Hannah Capin’s Foul is Fair is a bloody, thrilling revenge fantasy for the girls who have had enough. Golden boys beware: something wicked this way comes.
Jade and her friends Jenny, Mads, and Summer rule their glittering LA circle. Untouchable, they have the kind of power other girls only dream of. Every party is theirs and the world is at their feet. Until the night of Jade’s sweet sixteen, when they crash a St. Andrew’s Prep party. The night the golden boys choose Jade as their next target.
They picked the wrong girl.
Sworn to vengeance, Jade transfers to St. Andrew’s Prep. She plots to destroy each boy, one by one. She’ll take their power, their lives, and their control of the prep school’s hierarchy. And she and her coven have the perfect way in: a boy named Mack, whose ambition could turn deadly.
“Vicious and beautifully brutal, Foul is Fair gives a sword to every girl who has ever been a victim and makes them a warrior. This book is pulls no punches and will make anyone think twice before uttering the phrase ‘just a girl’. An unapologetic feminist battle-cry that leaves you breathless and thirsting for vengeance.” – Sonia Hartl, author of Have a Little Faith in Me
Foul is Fair is a modern retelling of Shakespeare’s MacBeth. The title derives from a quote in the play where the three witches chant “Foul is fair and fair is foul.” to indicate what is bad for others works quite well for them. For the most part Capin capitalizes on the saying’s other meaning that appearances may be deceiving – where golden boys are tarnished and revenge may just be the equivalent of justice.
While reading this book I couldn’t help thinking of this English class I took in college called The Revenge Theory. We read books like Agatha Christie’s Murder on the Orient Express and Hamlet. We watched The War of the Roses and both versions of Fatal Attraction with Glenn Close. What stuck with me most was the idea that the avenger must be careful to not let their emotions rule them lest they themselves be destroyed. Swimming in my head as I read this book were Confucious’ warning – “Before you embark on a journey of revenge, first dig two graves.” and the adage “Revenge is a dish best served cold.” I kept waiting for the axe to fall; part of me expecting Jade to suffer for her vengefulness, the other part of me hoping that the boys got their just desserts.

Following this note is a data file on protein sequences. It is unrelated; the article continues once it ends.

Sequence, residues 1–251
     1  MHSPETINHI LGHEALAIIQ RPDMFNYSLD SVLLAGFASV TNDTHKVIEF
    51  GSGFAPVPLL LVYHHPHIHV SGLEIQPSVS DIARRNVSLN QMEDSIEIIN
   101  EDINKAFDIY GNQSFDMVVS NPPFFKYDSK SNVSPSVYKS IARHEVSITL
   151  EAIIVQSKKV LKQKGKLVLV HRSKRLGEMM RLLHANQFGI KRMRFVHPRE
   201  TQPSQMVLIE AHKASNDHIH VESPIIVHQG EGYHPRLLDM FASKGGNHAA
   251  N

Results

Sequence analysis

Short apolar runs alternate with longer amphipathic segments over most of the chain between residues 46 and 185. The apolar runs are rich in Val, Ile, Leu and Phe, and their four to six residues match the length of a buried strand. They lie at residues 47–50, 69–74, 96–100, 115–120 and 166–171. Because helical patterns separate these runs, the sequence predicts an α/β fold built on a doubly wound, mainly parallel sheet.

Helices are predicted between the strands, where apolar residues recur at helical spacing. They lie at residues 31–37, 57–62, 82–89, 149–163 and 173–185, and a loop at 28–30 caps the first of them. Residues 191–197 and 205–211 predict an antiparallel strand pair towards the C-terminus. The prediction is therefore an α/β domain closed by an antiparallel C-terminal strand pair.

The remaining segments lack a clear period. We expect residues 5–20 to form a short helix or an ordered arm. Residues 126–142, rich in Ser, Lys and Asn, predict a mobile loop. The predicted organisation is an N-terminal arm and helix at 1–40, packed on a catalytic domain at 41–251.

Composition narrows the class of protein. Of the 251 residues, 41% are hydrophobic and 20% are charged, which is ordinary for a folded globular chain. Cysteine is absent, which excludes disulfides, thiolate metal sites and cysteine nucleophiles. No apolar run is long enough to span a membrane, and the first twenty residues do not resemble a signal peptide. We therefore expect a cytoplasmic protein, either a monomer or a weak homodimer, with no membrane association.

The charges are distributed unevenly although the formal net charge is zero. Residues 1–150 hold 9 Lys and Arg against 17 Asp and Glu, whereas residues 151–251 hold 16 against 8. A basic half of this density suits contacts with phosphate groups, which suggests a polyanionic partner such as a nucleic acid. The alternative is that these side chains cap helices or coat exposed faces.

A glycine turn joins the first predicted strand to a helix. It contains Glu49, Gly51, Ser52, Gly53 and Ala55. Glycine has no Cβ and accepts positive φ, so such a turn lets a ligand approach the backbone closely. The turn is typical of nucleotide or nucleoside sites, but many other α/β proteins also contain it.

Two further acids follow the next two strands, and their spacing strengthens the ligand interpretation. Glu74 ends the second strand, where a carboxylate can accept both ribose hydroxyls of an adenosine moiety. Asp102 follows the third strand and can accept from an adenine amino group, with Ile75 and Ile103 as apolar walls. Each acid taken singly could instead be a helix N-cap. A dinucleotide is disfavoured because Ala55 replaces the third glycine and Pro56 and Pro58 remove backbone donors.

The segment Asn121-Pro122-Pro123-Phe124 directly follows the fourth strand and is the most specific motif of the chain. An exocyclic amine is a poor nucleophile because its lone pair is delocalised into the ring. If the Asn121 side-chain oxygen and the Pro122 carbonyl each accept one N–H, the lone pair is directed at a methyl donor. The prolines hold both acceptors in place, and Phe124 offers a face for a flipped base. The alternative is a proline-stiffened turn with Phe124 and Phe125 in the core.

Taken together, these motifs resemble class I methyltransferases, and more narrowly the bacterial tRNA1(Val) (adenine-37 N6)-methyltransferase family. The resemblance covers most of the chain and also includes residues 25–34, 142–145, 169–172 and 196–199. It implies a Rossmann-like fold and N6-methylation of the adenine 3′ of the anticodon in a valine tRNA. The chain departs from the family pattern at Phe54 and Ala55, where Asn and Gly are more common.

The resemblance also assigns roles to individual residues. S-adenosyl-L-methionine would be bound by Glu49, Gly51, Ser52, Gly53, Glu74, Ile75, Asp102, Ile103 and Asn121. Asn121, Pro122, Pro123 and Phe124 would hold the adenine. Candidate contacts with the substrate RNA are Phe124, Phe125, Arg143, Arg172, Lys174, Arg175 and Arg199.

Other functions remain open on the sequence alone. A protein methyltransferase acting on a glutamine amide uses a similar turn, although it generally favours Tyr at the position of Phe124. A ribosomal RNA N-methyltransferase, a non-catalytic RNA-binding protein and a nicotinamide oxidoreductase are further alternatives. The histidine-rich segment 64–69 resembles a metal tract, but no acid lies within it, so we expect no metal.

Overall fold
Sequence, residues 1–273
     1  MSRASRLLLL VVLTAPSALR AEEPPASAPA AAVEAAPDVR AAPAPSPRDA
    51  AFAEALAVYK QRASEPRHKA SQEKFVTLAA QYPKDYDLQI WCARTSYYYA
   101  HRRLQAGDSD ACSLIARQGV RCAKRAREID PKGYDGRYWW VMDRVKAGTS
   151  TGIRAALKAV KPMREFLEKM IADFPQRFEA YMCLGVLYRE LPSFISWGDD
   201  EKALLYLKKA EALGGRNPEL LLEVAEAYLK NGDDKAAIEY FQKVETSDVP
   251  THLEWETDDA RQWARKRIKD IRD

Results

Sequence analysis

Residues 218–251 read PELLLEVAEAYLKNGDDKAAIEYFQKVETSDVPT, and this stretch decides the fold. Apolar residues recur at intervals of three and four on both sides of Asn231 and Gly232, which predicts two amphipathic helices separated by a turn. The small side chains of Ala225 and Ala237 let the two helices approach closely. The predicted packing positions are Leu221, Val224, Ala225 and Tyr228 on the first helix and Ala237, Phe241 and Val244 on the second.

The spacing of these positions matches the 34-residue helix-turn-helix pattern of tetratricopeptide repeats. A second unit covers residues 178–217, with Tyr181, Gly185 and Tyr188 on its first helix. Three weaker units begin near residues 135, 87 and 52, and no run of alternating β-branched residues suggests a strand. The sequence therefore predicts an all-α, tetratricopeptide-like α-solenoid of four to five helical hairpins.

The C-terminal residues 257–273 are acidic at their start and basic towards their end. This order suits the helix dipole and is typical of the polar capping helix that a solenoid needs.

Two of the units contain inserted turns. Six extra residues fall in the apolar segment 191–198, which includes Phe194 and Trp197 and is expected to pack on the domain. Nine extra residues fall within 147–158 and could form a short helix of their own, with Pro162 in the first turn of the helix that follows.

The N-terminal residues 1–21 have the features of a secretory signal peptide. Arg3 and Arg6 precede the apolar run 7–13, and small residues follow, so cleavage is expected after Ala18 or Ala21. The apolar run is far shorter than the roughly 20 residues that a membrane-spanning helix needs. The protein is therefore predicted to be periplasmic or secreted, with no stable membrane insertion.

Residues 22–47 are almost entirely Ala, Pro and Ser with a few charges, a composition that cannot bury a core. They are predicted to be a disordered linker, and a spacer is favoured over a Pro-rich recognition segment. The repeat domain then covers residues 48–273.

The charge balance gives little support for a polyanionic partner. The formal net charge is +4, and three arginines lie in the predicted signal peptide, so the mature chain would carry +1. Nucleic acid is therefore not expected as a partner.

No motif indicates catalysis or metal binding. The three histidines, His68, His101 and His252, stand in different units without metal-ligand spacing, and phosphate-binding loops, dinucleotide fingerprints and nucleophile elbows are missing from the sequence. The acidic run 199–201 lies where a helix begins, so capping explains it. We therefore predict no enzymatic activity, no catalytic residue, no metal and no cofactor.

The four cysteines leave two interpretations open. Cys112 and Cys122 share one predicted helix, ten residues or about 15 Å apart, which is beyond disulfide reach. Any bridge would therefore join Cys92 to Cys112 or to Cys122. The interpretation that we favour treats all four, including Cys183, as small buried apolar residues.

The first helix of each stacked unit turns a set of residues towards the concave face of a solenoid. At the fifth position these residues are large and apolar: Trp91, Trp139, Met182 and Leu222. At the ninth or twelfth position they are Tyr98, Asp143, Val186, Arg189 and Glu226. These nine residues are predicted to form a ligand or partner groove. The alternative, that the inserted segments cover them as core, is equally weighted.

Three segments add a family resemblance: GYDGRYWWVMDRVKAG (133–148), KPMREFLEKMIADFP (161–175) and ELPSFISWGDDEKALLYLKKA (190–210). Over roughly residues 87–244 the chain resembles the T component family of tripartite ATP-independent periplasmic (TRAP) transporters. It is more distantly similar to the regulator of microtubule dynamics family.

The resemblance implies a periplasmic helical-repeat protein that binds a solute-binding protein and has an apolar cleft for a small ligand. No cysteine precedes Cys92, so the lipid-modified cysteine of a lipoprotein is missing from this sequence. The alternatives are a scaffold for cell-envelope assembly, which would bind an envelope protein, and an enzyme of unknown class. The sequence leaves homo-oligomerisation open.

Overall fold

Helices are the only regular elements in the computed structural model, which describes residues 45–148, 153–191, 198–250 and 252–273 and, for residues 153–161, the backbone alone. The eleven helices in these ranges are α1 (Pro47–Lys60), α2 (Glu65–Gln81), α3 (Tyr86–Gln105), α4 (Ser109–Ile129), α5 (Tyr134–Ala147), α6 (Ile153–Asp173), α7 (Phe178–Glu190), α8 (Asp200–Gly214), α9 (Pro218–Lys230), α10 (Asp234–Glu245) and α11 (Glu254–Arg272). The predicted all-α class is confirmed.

I recognize that revenge and justice are typically polar opposites. Revenge is driven by anger. Justice is meted out with considerable thought. Revenge is often a cycle where violence begets more violence. Justice brings closure. But Foul is Fair had me asking or perhaps wanting for them to be the same thing. I was hoping that Jade could keep her stuff together long enough to think rationally and execute her plan. When Elle was raped her attackers did not even own their guilt. To them she was not a person but only a means to their gratification. In their eyes they were not responsible for her pain. They were assured and confident because they were used to wielding the power and dominating the landscape. Their wealth had always granted them a shield of invincibility. They thought they were untouchable.
Throughout the novel Capin plays on the “foul is fair” motif asking the reader to dig deeper to derive from the symbolism in the text. In numerology the number 7 stands for perfection and realization. In Foul is Fair there are seven perpetrators, seven intended victims of Jade’s wrath. People whose life path number is seven are said to not take things at face value. Instead they search for understanding to get at the truth.
Metaphors with animals are used to describe the characters and reveal their true natures. The boys are likened to wolves as they rove and hunt in packs and to denote their cruelty. The second string girls are called birds. They flock and flitter and fly off at the flick of a wrist. This is to emphasize their social stature within the school. Birds are also used as a bad omen as they perch in Oleander trees.
Although many of the characters names have direct counterparts in Shakespeare’s MacBeth a few of the names serve as banners for their personalities. Lilia for the flower Lily as she comes off as pretty, fragile and delicate. Connor is the conman that nobody really trusts. Piper is a common bird. The female sandpiper is polyandrous – she mates with several males during breeding season. I’m not sure whether this is a hint to Piper’s commonality, an allusion to the fact that she will never be Queen or a nod to her unfaithfulness to Lilia, that she cannot be trusted. Another interesting factoid about female spotted sandpipers is that it is the female that lays claim to and defends nesting grounds. Within her couple Piper certainly had the stronger backbone and had no problem marking her territory. Jade, the color, represents envy. Her green eyes serve as mirror to reflect the jealousy in the hearts of the boys as they each covet Duncan’s position. Jade, the gem, symbolizes balance or in this case the scales of justice.
I really enjoyed reading Foul is Fair. The symbolism gave me a lot to think about. Even though this is a retelling you do not have to read MacBeth to appreciate this book. The book may be purchased from Wednesday Books or your local bookstore.
Meet the Author
Hannah Capin is the author of Foul is Fair and The Dead Queens Club, a feminist retelling of the wives of Henry VIII. When she isn’t writing, she can be found singing, sailing, or pulling marathon gossip sessions with her girl squad. She lives in Tidewater, Virginia.
Author Website: Hannahcapin.com
Author’s Twitter/Instagram: @tldaaollf